## 27.5 Examples of simulation-based calibration

This section will show what the results look like when the tests pass and then when they fail. The passing test will compare a normal model and normal data generating process, whereas the second will compare a normal model with a Student-t data generating process. The first will produce calibrated posteriors, the second will not.

### 27.5.1 When things go right

Consider the following simple model for a normal distribution with standard normal and lognormal priors on the location and scale parameters. \[\begin{eqnarray*} \mu & \sim & \textrm{normal}(0, 1) \\[4pt] \sigma & \sim & \textrm{lognormal}(0, 1) \\[4pt] y_{1:10} & \sim & \textrm{normal}(\mu, \sigma). \end{eqnarray*}\] The Stan program for evaluating SBC for this model is

```
transformed data {
real mu_sim = normal_rng(0, 1);
real<lower=0> sigma_sim = lognormal_rng(0, 1);
int<lower=0> J = 10;
vector[J] y_sim;
for (j in 1:J) {
y_sim[j] = student_t_rng(4, mu_sim, sigma_sim);
}
}
parameters {
real mu;
real<lower=0> sigma;
}
model {
mu ~ normal(0, 1);
sigma ~ lognormal(0, 1);
y_sim ~ normal(mu, sigma);
}
generated quantities {
array[2] int<lower=0, upper=1> I_lt_sim
= { mu < mu_sim, sigma < sigma_sim };
}
```

After running this for enough iterations so that the effective sample size is larger than \(M\), then thinning to \(M\) draws (here \(M = 999\)), the ranks are computed and binned, and then plotted.

### 27.5.2 When things go wrong

Now consider using a Student-t data generating process with a normal model. Compare the apparent uniformity of the well specified model with the ill-specified situation with Student-t generative process and normal model.### 27.5.3 When Stan’s sampler goes wrong

The example in the previous sections show hard-coded pathological behavior. The usual application of SBC is to diagnose problems with a sampler.

This can happen in Stan with well-specified models if the posterior geometry is too difficult (usually due to extreme stiffness that varies). A simple example is the eight schools problem, the data for which consists of sample means \(y_j\) and standard deviations \(\sigma_j\) of differences in test score after the same intervention in \(J = 8\) different schools. Donald B. Rubin (1981) applies a hierarchical model for a meta-analysis of the results, estimating the mean intervention effect and a varying effect for each school. With a standard parameterization and weak priors, this model has very challenging posterior geometry, as shown by Talts et al. (2018); this section replicates their results.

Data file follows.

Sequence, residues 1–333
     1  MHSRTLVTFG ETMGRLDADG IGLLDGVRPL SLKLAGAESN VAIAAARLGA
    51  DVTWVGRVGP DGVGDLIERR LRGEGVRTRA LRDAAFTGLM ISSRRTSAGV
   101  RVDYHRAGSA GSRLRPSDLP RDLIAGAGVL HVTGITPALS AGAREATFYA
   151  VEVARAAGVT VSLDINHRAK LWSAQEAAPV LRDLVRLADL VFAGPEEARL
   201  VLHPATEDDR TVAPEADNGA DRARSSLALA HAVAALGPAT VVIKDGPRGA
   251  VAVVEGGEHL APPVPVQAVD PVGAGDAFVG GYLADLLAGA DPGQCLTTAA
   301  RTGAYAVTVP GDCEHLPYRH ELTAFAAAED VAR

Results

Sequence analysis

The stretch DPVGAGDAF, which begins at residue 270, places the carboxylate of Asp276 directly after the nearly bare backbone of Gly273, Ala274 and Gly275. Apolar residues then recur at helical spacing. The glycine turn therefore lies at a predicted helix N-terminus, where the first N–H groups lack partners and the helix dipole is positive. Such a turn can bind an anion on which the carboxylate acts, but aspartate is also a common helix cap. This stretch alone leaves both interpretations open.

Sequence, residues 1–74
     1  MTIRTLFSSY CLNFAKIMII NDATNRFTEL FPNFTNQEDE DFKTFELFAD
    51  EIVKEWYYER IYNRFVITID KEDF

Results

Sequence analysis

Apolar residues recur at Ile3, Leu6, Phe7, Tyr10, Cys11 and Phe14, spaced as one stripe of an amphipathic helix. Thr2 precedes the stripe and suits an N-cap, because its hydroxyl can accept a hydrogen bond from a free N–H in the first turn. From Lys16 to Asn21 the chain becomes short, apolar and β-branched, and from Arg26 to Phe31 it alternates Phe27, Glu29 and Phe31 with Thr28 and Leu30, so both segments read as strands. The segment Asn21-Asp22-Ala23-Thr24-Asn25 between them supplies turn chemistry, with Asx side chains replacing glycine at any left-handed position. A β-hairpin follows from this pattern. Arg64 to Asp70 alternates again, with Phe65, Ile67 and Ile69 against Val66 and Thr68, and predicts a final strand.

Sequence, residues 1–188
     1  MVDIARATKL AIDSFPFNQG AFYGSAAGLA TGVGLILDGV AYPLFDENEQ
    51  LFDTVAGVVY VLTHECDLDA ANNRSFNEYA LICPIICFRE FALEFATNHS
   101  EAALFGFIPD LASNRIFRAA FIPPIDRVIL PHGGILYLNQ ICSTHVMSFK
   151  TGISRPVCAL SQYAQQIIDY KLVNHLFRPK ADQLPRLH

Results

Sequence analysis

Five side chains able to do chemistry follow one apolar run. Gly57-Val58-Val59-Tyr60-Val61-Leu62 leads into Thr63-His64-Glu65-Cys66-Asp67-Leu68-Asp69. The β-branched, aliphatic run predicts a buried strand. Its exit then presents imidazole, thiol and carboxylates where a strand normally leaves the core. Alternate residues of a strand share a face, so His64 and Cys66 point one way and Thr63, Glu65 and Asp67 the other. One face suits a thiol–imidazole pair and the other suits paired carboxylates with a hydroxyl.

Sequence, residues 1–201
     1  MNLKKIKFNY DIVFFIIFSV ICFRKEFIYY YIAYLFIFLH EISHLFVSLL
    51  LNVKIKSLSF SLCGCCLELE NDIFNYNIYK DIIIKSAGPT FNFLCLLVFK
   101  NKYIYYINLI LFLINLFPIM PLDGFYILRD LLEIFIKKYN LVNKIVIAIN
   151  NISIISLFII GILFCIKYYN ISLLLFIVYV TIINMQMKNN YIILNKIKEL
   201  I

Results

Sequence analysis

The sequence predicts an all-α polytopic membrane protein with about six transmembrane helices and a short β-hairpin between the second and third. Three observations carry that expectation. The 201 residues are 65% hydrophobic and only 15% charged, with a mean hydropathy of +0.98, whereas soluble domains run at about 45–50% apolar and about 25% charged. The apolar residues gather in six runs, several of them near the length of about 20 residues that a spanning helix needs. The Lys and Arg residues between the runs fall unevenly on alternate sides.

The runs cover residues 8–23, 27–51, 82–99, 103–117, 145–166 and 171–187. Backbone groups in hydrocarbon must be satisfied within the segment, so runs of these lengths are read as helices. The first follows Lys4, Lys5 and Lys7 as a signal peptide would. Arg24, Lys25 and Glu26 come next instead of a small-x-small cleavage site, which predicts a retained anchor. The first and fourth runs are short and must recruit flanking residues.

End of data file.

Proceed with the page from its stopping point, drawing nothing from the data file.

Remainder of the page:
The meta-analysis model has parameters for a population mean \(\mu\) and standard deviation \(\tau > 0\) as well as the effect \(\theta_j\) of the treatment in each school. The model has weak normal and half-normal priors for the population-level parameters, \[\begin{eqnarray*} \mu & \sim & \textrm{normal}(0, 5) \\[4pt] \tau & \sim & \textrm{normal}_{+}(0, 5). \end{eqnarray*}\] School level effects are modeled as normal given the population parameters, \[ \theta_j \sim \textrm{normal}(\mu, \tau). \] The data is modeled as in a meta-analysis, given the school effect and sample standard deviation in the school, \[ y_j \sim \textrm{normal}(\theta_j, \sigma_j). \]

This model can be coded in Stan with a data-generating process that simulates the parameters and then simulates data according to the parameters.

```
transformed data {
real mu_sim = normal_rng(0, 5);
real tau_sim = fabs(normal_rng(0, 5));
int<lower=0> J = 8;
array[J] real theta_sim = normal_rng(rep_vector(mu_sim, J), tau_sim);
array[J] real<lower=0> sigma = fabs(normal_rng(rep_vector(0, J), 5));
array[J] real y = normal_rng(theta_sim, sigma);
}
parameters {
real mu;
real<lower=0> tau;
array[J] real theta;
}
model {
tau ~ normal(0, 5);
mu ~ normal(0, 5);
theta ~ normal(mu, tau);
y ~ normal(theta, sigma);
}
generated quantities {
int<lower=0, upper=1> mu_lt_sim = mu < mu_sim;
int<lower=0, upper=1> tau_lt_sim = tau < tau_sim;
int<lower=0, upper=1> theta1_lt_sim = theta[1] < theta_sim[1];
}
```

As usual for simulation-based calibration, the transformed data encodes the data-generating process using random number generators. Here, the population parameters \(\mu\) and \(\tau\) are first simulated, then the school-level effects \(\theta\), and then finally the observed data \(\sigma_j\) and \(y_j.\) The parameters and model are a direct encoding of the mathematical presentation using vectorized sampling statements. The generated quantities block includes indicators for parameter comparisons, saving only \(\theta_1\) because the schools are exchangeable in the simulation.

When fitting the model in Stan, multiple warning messages are provided that the sampler has diverged. The divergence warnings are in Stan’s sampler precisely to diagnose the sampler’s inability to follow the curvature in the posterior and provide independent confirmation that Stan’s sampler cannot fit this model as specified.

SBC also diagnoses the problem. Here’s the rank plots for running \(N = 200\) simulations with 1000 warmup iterations and \(M = 999\) draws per simulation used to compute the ranks.

Although the population mean and standard deviation \(\mu\) and \(\tau\) appear well calibrated, \(\theta_1\) tells a very different story. The simulated values are much smaller than the values fit from the data. This is because Stan’s no-U-turn sampler is unable to sample with the model formulated in the centered parameterization—the posterior geometry has regions of extremely high curvature as \(\tau\) approaches zero and the \(\theta_j\) become highly constrained. The chapter on reparameterization explains how to remedy this problem and fit this kind of hierarchical model with Stan.

*References*

*Journal of Educational Statistics*6: 377–401.

*arXiv*, no. 1804.06788.